The "simplification" means the remote seller won't have to file returns with every town, city, or county that has a sales tax of its own. But since there are only five states (Alaska, Delaware, Montana, New Hampshire, and Oregon) that have no sales tax, the seller could, depending on the locations of his customers, still have up to 46 (45 states and the District of Columbia) "single entities" collecting taxes on his sales. And that's not all, given the way Section 4 (8) defines a "State":
The term "State" means each of the several States, the District of Columbia, the Commonwealth of Puerto Rico, Guam, American Samoa, the United States Virgin Islands, the Commonwealth of the Northern Mariana Islands, and any other territory or possession of the United States.
In other words, the seller could be paying taxes and filing monthly or quarterly returns to any number of the more than half a hundred taxing entities among the United States and its territories, and be subject to audit by each of them. "With the way the bill is going to work, people are going to end up calling it the Tax Audits from Hell Act of 2013," predicted Dan Holler of Heritage Action, the lobbying arm of the Heritage Foundation.
The lead sponsor among the 66 representatives who have signed on to the House version bill is Arkansas Republican Steve Womack, whose third congressional district includes Bentonville, the corporate home of Walmart, the world's largest retailer. Walmart is among the national chains backing the legislation. Amazon, the world's largest online retailer, has opposed the legislation in years past, but is supporting the current bill. Amazon has added warehouse and distribution centers and is already paying sales taxes in a number of states. Opponents of the bill claim Amazon sees it as an opportunity to burden the competition, since it is better able than its smaller online sellers to hire the accountants needed to deal with various sales tax requirement of the different states and territories.
Should the bill become law, a state would be able to require tax-collecting services from sellers who do not live or work in the state and who do not receive water, sewer, police and fire protection, and other services that in-state retailers do. Dan Crippen, executive director of the National Governors Association, argued in a recent op-ed article in the Wall Street Journal, that services Internet sellers should help pay for include "state roads for the delivery of their products, plus the protections of the state court systems to enforce business contracts."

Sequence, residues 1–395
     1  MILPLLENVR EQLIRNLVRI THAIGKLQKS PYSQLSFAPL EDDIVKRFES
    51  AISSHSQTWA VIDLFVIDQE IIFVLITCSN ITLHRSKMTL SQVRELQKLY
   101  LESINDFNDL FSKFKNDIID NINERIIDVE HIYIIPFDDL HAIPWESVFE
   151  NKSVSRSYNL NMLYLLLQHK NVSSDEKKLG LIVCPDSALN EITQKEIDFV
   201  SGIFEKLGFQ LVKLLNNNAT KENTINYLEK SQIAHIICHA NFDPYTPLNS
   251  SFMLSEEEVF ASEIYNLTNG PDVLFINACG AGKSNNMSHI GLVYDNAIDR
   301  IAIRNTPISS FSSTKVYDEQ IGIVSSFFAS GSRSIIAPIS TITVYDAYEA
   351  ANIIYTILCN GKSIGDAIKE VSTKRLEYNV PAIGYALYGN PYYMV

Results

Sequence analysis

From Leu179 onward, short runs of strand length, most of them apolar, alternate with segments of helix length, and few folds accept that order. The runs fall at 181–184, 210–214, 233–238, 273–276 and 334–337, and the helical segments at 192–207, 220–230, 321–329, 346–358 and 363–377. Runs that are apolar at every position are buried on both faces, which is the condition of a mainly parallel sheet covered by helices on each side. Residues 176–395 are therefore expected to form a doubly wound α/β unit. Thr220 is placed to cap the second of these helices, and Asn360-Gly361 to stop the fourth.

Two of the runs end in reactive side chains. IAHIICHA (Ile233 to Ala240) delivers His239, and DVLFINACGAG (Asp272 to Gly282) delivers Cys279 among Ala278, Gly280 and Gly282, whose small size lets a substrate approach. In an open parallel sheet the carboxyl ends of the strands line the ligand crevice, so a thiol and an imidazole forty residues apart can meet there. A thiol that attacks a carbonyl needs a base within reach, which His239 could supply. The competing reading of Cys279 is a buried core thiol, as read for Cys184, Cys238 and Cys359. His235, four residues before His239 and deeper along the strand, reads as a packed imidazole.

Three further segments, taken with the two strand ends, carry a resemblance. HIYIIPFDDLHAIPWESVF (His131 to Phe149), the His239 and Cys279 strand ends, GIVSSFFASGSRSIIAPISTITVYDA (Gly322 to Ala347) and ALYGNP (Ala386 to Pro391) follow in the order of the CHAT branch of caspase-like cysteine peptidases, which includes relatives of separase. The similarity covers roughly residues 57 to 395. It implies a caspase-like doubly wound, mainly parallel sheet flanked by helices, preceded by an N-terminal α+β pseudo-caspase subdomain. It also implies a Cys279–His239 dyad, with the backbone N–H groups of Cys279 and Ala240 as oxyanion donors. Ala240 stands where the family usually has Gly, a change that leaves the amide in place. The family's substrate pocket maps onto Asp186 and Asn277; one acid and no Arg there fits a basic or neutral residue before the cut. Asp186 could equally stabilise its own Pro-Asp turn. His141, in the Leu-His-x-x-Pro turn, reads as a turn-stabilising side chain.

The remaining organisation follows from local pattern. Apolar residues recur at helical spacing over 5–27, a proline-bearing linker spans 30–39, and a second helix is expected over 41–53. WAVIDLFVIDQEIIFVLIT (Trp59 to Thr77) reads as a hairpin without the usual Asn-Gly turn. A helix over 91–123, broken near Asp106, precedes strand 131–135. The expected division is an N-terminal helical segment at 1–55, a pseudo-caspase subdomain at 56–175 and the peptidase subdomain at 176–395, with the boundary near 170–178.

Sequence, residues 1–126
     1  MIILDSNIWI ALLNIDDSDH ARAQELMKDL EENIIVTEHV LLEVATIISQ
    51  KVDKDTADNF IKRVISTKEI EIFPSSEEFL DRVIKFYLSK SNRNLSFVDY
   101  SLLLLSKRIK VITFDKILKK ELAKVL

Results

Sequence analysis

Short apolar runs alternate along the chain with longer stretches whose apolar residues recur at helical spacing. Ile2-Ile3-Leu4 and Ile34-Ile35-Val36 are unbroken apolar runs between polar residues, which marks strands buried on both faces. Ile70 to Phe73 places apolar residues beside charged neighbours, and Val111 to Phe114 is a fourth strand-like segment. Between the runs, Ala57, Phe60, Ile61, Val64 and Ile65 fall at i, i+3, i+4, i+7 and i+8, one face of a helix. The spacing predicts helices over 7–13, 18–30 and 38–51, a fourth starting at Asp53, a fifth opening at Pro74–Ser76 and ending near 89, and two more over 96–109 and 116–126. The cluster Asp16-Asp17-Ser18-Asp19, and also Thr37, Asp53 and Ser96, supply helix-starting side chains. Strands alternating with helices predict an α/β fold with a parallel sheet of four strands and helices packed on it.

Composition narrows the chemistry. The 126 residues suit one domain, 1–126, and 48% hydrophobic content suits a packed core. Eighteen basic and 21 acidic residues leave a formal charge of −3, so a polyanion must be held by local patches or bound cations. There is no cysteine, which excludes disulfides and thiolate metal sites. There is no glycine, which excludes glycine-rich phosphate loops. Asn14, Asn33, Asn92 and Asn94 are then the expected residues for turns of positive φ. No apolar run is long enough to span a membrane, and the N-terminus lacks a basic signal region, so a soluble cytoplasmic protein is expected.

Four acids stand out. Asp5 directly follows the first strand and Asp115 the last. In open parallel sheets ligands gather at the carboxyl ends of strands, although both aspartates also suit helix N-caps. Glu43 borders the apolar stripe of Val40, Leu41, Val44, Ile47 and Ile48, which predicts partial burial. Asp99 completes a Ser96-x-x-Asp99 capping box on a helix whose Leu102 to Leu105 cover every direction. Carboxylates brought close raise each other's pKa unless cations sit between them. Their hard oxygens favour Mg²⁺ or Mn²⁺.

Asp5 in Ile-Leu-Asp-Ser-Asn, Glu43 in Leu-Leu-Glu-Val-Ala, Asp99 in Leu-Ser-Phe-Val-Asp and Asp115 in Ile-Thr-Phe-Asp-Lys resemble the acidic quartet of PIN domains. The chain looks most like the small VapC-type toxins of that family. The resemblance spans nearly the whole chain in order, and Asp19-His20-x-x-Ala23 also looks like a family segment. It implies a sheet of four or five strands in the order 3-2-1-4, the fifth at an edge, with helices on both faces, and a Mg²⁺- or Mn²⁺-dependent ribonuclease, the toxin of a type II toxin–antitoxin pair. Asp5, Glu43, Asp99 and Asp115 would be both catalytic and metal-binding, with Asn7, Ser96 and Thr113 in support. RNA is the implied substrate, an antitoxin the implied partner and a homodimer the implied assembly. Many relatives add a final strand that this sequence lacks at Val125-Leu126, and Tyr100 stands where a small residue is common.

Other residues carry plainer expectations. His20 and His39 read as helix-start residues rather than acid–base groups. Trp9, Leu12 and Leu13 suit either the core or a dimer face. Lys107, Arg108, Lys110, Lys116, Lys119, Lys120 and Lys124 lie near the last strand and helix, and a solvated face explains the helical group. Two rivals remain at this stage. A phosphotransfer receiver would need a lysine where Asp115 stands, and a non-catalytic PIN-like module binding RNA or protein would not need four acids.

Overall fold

The bill was placed on "fast track" for quick passage by Senate Majority Leader Harry Reid (D-Nev.). The Financial Services Roundtable, a group that represents nearly 100 of the country's largest financial services companies, had called for hearings on the impact the legislation could have on retail investors.
"Based on how the tax is crafted, it would hit all financial services firms, and, our real worry — consumers who are saving and investing," the roundtable's senior vice president of public policy, Scott Talbott, said in an e-mail last month.
Republican leadership in the House has not committed to taking up the legislation, which must go through the Judiciary Committee. Should the bill eventually pass, it will almost certainly be signed into law by President Obama, who has expressed his support for it.
"By wiping away geographic limits to state tax authority, the bill would impose serious burdens on Internet retail and undermine basic tax policy principles," said Andrew Moylan, senior fellow at the R Street Institute, a conservative think tank. "It is now up to conservative leaders in the House of Representatives to stop this bad legislation in its tracks."